Alzheimer’s Society has big plans for new centre in Montreal

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Montreal’s Alzheimer’s Society is now in a position to offer expanded multidisciplinary services from its new centre at 4505 Notre Dame St. W. in St. Henri.

The two-storey brick building, which opened officially last month, was purchased at a cost of $1.7 million, but renovation work is continuing on a first phase of upgrades.

Including initial improvements, the new centre will have cost $2.5 million, executive director Gérald Hubert said in an interview. Work on the basement to house a permanent respite and activities centre will bring the total to about $3 million. A fund-raising drive is being organized to finance that work.

It will serve as a drop-in centre to enable caregivers to get respite time. Once it’s operational, caregivers can bring in the person with Alzheimer’s to spend some time and engage in activities, while the caregivers get some personal time off.

Alzheimer’s Disease is the most common form of dementia. With longer life expectancy, it is estimated, based on global statistics for Alzheimer’s prevalence in Canada, that as many as 33,000 Montrealers will experience some form of dementia. That number is expected to double within the next 20 years.

The new building, replacing rented premises on Sherbrooke W., offers “an enormous potential for growth,” Hubert said.

It covers 12,000 sq. ft., including the basement. It provides office space for healthcare workers and professionals, students, and volunteers, an information centre, support services, and administrative staff.

The society offers information, referral, group activities, cognitive stimulation, and art therapy. Individuals will already have received a diagnosis of their condition from health-care professionals.

Most importantly, it offers respite time for caregivers, a break from the demands of helping someone with Alzheimer’s deal with daily life. For now, however, respite services are offered mainly on Saturdays at three points on Montreal island.

“Demand for services is growing exponentially,” Hubert noted.

Respite services for families are offered in French, English, and Italian now on Saturdays in Montreal North, at the Centre Berthiaume du Tremblay, 1635 Gouin Blvd. E.; in Notre dame de Grâce, at Centre Henri-Bradet, 6465 Chester; and the CHSLD Bussey at 2069 St. Joseph Blvd. in Lachine.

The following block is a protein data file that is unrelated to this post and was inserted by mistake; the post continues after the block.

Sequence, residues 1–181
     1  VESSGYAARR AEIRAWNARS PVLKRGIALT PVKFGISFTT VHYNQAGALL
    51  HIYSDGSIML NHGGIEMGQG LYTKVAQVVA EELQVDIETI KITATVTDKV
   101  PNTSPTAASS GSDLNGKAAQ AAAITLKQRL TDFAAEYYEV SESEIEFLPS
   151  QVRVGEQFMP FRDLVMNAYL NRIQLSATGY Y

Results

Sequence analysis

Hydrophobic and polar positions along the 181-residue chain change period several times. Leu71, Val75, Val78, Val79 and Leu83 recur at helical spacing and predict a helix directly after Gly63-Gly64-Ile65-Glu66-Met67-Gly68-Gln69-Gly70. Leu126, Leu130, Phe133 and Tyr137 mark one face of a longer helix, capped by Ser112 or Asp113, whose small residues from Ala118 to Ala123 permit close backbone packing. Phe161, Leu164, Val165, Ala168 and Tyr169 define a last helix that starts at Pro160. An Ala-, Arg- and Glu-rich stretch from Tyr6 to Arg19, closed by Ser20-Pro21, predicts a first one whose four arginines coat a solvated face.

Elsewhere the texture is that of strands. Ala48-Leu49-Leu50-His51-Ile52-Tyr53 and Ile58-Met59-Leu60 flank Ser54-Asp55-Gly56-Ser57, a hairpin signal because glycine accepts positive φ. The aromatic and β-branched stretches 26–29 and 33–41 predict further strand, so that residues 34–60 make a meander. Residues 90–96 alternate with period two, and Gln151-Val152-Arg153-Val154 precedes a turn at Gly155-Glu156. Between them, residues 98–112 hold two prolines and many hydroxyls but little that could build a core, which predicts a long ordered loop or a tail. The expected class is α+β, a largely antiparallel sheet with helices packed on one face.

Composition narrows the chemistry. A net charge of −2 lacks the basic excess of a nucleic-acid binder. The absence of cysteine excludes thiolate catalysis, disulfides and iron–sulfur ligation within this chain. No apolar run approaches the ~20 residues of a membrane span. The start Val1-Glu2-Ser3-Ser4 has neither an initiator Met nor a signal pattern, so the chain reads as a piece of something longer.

“Respite enables caregivers to go to the hairdresser, go shopping, sleep – it’s absolutely essential,” Hubert observed.

At the new premises, the centre will continue to offer intake referral, where professionals will identify the extent of dementia and suggest ways to deal with it.

“We may refer families to services that are available in their milieu,” he said.

The society also assigns counselors to meet with families who believe one of its members is showing signs of dementia, either in a regional office or at home.

There is no cost for consultations. The society also organizes eight-week support groups, with weekly meetings of 2.5 hours per session, that covers all aspects of living with and caring for someone with Alzheimer’s. The cost is $50.

“But we will offer help to all, even those who cannot afford to spend any money.

“Demand outstrips supply, but for operations we are getting a recurring grant from the ministry of health and social services of $70,000 a year.”

The annual operations budget for the society is $1.7 million.

A grant of $400,000 to assist caregivers, which the society will continue to receive for another two years, has come from the Lucie and André Chagnon Foundation.

“Health and Social Services, for better or for worse, takes care of the person who becomes sick. But there is nothing much for the caregiver.

“Often the caregiver will become exhausted, and get sick … This exacerbates problems for the health network.”

To contact the Alzheimer’s Society, call 514-369-0800.

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